IDFC Bank Ltd, the youngest private bank in the country, listed on the bourses on Friday and started off as the seventh-largest private lender and tenth-largest bank overall in terms of market value.
The company that was demerged out of its parent IDFC Ltd last month and started retail banking operations a few weeks ago, saw its share price list at Rs 70.5 on the NSE and BSE on Friday.
The shares hit an intra-day high of Rs 73.45 and a low of Rs 67 a piece on BSE in a flat Mumbai market.
At the close of day’s session, it was quoting at Rs 70.7 a share, valuing the company at Rs 23,944 crore. Its parent IDFC Ltd, which indirectly owns majority stake in the bank, commands a market cap of Rs 8,751 crore.
IDFC Ltd had a market value of Rs 19,606 crore at the end of trading on April 1, 2014. IDFC was chosen, along with Bandhan, to start retail banks in the country a day later.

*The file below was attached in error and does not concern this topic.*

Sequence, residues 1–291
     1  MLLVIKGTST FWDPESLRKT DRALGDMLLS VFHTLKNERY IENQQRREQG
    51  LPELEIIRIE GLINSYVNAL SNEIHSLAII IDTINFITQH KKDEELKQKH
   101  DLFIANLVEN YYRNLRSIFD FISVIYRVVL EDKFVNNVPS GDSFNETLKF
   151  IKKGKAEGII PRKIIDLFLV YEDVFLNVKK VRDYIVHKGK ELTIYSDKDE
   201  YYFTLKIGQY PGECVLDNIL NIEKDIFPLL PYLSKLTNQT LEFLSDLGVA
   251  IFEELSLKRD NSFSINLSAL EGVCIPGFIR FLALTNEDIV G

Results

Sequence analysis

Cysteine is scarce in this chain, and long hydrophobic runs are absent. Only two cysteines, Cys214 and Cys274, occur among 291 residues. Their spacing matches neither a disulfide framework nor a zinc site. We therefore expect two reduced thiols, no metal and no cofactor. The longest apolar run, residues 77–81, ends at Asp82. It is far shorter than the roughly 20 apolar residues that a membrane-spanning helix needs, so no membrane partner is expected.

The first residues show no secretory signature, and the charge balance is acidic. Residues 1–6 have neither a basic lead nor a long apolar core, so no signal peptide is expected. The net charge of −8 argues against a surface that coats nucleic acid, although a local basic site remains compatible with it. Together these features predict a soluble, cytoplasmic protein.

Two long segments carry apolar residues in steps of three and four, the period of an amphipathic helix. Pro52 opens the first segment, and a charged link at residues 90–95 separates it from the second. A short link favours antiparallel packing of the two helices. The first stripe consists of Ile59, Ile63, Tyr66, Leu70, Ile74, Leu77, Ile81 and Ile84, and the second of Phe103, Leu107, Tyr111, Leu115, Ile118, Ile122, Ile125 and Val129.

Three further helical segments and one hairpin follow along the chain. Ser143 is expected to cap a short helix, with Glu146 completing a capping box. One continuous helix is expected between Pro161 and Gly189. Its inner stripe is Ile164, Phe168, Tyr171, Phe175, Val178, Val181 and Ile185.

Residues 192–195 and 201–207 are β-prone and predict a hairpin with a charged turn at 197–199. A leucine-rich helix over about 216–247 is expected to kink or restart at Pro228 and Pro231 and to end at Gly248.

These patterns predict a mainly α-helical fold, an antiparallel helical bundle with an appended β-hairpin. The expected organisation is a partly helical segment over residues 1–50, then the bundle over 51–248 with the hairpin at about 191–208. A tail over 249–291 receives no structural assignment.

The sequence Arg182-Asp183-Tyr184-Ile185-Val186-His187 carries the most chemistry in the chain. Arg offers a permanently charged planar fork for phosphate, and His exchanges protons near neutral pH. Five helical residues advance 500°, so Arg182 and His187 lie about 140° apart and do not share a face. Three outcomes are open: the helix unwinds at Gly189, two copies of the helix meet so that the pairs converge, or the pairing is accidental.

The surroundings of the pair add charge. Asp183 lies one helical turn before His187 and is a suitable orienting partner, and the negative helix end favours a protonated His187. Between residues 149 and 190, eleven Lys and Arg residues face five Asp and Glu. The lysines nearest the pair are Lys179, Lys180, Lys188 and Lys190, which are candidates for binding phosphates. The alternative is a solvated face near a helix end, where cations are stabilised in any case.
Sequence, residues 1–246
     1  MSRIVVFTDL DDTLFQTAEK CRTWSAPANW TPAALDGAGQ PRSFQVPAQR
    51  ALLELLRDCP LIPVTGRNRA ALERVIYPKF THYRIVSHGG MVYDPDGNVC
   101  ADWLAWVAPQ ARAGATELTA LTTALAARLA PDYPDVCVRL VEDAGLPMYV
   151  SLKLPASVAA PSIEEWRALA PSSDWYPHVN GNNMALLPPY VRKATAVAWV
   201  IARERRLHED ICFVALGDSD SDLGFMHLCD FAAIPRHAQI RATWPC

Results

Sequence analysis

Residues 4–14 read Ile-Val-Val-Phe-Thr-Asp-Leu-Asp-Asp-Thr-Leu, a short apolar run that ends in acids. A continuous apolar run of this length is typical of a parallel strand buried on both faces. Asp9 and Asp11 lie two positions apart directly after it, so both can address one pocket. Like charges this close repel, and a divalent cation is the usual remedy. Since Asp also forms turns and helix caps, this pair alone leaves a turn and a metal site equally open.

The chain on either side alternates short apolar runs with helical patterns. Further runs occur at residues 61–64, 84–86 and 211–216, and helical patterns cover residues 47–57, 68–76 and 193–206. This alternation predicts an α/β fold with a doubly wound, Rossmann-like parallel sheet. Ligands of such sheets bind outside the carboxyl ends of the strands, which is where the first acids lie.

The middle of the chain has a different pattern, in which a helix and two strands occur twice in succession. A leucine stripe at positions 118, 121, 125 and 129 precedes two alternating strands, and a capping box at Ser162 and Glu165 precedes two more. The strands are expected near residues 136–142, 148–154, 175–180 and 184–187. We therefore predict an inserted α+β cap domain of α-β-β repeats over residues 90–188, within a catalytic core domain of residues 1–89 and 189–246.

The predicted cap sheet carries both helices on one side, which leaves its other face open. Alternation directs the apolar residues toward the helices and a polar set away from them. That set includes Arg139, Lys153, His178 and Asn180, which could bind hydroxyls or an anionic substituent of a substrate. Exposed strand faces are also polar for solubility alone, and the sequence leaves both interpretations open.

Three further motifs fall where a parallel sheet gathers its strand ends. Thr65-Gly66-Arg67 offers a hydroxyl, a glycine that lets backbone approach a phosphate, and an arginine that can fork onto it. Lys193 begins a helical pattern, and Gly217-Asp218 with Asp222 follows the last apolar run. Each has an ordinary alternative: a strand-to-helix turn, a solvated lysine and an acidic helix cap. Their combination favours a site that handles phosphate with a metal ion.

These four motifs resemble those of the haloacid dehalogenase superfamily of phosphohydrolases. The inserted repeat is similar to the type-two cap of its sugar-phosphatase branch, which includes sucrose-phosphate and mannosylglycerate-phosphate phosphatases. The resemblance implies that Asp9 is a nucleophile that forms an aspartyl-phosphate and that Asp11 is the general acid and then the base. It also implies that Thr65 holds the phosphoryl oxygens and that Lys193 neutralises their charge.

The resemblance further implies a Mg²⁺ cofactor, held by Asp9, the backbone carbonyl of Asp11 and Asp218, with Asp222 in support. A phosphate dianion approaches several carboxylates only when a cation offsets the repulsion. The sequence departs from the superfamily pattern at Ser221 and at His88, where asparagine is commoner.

IDFC Bank is only the second bank in the country to start operations in more than a decade, after it received a final banking licence from the Reserve Bank of India in July.
IDFC had transferred all assets and liabilities of its Rs 55,000 crore lending business to IDFC Bank while announcing the launching of the IDFC Bank last month.
The book value of IDFC Bank is Rs 39.11 a share.
The bank, which began full-fledged operations on October 1, has opened 23 branches so far, including 15 rural branches in Madhya Pradesh, and aims to have 60 branches by the end of the current financial year.
IDFC Bank counts amongst its shareholders private equity investor Actis besides Malaysian sovereign fund Khazanah, among others. The government holding is pegged at 7.71 per cent against its 16.4 per cent ownership of IDFC Ltd. The value of Actis’ investment in IDFC as a group is underwater, as per VCCircle estimates. Khazanah is sitting on a modest upside.
IDFC now retains 75 per cent stake in IDFC Asset Management and 53 per cent stake in IDFC Bank besides full ownership of IDFC Securities, PE arm IDFC Alternatives and IDFC Infrastructure Debt Fund (which is to be brought down to 49 per cent gradually).